Will Nuclear History Repeat Itself in Korea?

WASHINGTON, DC – As Chinese President Xi Jinping’s first summit with US President Donald Trump takes place at Trump’s luxurious Florida estate Mar-a-Lago, at least part of the discussion will invariably focus on one of the world’s most impoverished places: North Korea. Despite more than two decades of on-again, off-again negotiations, North Korea’s nuclear weapons program is pushing the world toward a strategic watershed much like the one that the West faced 60 years ago, when the United States and the Soviet Union faced off against each other in Europe.

The US and its allies successfully navigated the challenge of Europe in the twentieth century without war. But to achieve comparable success in East Asia today, Trump must persuade Xi to adopt a different policy toward North Korea.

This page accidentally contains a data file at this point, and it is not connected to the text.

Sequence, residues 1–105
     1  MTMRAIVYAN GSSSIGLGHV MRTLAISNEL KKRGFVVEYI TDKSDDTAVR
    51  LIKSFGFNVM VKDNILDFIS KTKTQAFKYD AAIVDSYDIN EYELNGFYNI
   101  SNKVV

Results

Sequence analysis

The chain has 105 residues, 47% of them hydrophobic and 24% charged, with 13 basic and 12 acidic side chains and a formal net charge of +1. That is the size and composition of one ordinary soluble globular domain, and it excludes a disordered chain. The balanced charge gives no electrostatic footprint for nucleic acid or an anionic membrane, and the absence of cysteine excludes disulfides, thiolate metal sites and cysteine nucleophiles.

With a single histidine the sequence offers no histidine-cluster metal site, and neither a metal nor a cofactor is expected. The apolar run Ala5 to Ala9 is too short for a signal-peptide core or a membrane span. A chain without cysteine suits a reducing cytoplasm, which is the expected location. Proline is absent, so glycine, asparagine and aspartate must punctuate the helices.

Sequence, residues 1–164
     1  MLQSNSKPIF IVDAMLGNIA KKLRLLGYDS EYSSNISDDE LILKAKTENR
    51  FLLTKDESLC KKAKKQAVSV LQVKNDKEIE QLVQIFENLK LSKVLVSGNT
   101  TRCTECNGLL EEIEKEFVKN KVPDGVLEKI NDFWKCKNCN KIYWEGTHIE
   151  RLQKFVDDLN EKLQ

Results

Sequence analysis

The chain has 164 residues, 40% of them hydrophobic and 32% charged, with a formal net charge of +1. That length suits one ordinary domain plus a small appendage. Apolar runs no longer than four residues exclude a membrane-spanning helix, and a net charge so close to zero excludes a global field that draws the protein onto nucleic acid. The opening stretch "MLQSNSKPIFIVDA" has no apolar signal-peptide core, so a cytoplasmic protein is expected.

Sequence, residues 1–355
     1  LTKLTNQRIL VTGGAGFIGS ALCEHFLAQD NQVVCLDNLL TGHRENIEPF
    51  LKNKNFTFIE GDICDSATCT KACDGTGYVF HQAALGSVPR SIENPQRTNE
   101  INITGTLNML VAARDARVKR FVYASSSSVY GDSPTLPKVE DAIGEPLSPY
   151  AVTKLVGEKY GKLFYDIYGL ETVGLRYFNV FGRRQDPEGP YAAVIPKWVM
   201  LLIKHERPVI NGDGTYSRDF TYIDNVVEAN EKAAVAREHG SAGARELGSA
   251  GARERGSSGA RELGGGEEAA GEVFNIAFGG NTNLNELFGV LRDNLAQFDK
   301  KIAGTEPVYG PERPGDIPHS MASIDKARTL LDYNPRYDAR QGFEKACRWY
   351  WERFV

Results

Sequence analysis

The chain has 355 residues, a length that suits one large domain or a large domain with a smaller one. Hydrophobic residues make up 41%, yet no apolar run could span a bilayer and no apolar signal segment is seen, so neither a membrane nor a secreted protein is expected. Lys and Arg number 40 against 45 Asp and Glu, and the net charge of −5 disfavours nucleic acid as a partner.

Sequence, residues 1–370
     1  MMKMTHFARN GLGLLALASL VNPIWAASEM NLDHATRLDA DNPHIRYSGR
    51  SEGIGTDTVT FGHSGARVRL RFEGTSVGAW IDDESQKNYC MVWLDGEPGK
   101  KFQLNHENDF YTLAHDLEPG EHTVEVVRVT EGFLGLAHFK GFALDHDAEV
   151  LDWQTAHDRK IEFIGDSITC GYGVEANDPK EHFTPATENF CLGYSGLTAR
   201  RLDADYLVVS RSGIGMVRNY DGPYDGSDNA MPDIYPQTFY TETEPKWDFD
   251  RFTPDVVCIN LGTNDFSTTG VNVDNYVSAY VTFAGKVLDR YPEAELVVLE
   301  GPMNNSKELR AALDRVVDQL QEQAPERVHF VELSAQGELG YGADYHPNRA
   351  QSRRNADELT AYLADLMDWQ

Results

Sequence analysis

When the US and the Soviet Union became rivals after World War II, each had a way of deterring the other from attacking. The Soviet Union had – or was widely believed to have – a large advantage in non-nuclear forces, which the Kremlin could use to conquer Western Europe. The US, with its monopoly on nuclear weapons, could launch a nuclear strike from Europe on the Soviet homeland.

Then, in 1957, the launch of Sputnik made it clear that the Soviet Union would soon be able to deliver a nuclear strike on the US mainland, calling into question the effectiveness of American deterrence. Was it credible that, in response to an attack on Western Europe, the US would make war on the Soviet Union, thus inviting a nuclear attack on its own territory? America and its allies had four possible solutions to this novel and dangerous problem: preemption, defense, proliferation, and deterrence.